Ilhaam Ely’s job is to fix the city’s roads, but the work, which she hopes will one day help her afford a house for her family, is also breaking something else at the same time – the barrier that stopped women from doing certain jobs reserved for men.
Ms Ely, from Manenberg, is one of 24 women on the City of Cape Town’s four all-female road repair teams, who have been honoured by mayor Patricia de Lille for their pioneering work in the transport industry.
Speaking at the event held at the Cape Town Civic Centre banqueting hall on Wednesday July 6, Ms De Lille said the nationally recognised programme empowered the women and taught them new skills.
In May, it was named the Most Innovative Women Programme at the fourth annual Women in Construction awards ceremony in Johannesburg.
The City established the all-women road repair teams last year. They are based at Transport for Cape Town (TCT) depots in Heideveld, Ndabeni, Fish Hoek and Kuils River, as part of the Expanded Public Works Programme (EPWP).
The women, who all registered on job seeker databases at their local sub-council offices, were selected after undergoing assessments at the four depots. Ms Ely is on the Heideveld depot’s team.
Kashiefa Beck, from Manenberg, who also works on the Heideveld depot project, said the six women on the team had been chosen from 30 who were originally called in to be assessed.
A proud Ms Ely said it was hard work but the pride she saw in her children’s faces motivated her to keep going. Both she and her husband are contract workers, and she hopes her experience as a community liaison officer and supervisor on different projects will help her find other work, possibly even a permanent job, when her contract ends.
“My husband and I are almost 40 years old, and we need some stability now. I think God made me part of this project, so that my husband and I can fulfil our dream of giving our three children a home.”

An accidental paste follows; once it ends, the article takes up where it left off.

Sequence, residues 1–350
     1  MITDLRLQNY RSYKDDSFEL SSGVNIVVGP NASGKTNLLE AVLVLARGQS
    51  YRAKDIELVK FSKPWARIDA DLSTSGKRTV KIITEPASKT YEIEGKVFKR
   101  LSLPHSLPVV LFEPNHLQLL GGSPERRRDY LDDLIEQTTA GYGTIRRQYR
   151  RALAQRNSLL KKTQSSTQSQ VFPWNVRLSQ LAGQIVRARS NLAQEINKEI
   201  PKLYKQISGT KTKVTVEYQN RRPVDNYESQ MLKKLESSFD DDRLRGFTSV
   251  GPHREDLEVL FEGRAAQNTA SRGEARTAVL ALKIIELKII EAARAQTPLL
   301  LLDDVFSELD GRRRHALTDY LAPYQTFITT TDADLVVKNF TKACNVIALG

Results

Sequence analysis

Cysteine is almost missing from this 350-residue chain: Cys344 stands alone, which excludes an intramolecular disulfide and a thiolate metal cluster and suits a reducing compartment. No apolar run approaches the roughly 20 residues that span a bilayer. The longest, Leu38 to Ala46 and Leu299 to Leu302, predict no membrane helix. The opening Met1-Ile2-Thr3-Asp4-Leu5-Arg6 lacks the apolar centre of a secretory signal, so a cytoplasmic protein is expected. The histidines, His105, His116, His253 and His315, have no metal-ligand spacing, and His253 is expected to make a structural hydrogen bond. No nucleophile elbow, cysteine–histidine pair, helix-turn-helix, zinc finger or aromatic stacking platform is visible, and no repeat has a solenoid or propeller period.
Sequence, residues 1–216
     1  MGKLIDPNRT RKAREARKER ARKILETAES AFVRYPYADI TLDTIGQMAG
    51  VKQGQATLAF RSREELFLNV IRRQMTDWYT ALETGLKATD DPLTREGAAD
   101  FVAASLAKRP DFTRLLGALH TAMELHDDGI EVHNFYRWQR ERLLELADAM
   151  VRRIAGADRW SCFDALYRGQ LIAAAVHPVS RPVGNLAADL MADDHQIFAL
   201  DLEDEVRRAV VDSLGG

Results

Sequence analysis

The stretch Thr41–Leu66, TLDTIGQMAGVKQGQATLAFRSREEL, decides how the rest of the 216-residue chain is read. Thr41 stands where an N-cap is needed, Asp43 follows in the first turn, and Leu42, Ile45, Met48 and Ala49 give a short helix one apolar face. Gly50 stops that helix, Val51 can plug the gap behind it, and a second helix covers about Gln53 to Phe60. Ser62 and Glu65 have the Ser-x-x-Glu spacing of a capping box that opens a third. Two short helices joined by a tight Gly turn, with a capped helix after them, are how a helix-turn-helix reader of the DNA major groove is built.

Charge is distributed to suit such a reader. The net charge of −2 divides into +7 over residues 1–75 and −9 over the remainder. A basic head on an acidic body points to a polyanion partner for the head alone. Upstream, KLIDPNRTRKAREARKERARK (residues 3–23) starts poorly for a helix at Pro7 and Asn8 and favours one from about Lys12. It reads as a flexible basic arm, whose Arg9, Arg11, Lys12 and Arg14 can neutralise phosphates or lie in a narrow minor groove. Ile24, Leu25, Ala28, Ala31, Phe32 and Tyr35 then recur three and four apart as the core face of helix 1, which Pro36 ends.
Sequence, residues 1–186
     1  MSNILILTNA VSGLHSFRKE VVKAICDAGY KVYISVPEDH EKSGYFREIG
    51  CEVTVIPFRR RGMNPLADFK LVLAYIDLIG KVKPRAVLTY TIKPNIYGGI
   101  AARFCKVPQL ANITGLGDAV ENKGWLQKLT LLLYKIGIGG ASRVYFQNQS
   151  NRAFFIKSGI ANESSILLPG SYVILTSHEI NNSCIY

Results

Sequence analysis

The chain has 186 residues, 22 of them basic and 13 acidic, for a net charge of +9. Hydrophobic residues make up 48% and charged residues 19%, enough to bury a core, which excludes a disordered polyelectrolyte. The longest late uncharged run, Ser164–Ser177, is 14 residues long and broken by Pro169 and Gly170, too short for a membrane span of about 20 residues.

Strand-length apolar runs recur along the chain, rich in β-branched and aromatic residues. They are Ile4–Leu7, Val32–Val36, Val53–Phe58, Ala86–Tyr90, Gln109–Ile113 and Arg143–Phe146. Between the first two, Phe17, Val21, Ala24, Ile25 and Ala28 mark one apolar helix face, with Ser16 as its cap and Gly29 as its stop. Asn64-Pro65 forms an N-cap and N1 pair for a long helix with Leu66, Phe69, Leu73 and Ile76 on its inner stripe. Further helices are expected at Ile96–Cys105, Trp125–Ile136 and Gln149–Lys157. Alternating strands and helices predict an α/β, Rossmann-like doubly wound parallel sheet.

Another Heideveld team member, Joyleen Melton-Gordon, said because her team was all-women, they “get the job right the first time”.
“The men feel a bit intimidated by us, I think. They call us the celebrities. The job is very challenging, but we enjoy ourselves,” she said, adding that the job was not without its risks.
“Recently, in Hanover Park, a man ran towards us and threatened us with a gun. But we managed to keep our calm and dealt with the situation. Residents are also scared to allow us to use their toilets, and one can’t blame them, because there are so many things happening out there. If we need a toilet, then we must ask a colleague to drive us to the nearest one,” Ms Melton-Gordon said.
Akeelah Abrahams, from Heideveld; Pumla Mfana, from Crossroads, and Nomzamo Feni, from Gugulethu, make up the rest of the Heideveld team.
Ms De Lille said the all-women teams had been established to change perceptions.
“Not too long ago, it would have been unthinkable for women to wield heavy tools and repair our roads. But we wanted to empower women, achieve gender transformation and show that women are equal to men in the workplace,” she said.
“You have shown that women can compete with their male counterparts in physically demanding jobs, such as repairing potholes, laying kerbs, cleaning stormwater infrastructure and building sidewalks. I know that our city is full of hard-working women who are valuable members of their respective teams. Women all over our city – women like you – are the heroes in their families and an example that young girls can look up to.”
When Ms De Lille announced that the women’s contract would be extended and that more teams would be recruited, with the hope of creating permanent jobs, there was a loud cheer from the audience.
Kindness Mpofu Ndyalvan, from the Fish Hoek team, said it had been daunting when they first started, as they had to get used to picking up 30kg bags of cement, wielding a pick and climbing on huge trucks. ”It also made us want to learn more. Now is the time for us women to take centre stage in this male-dominated industry.”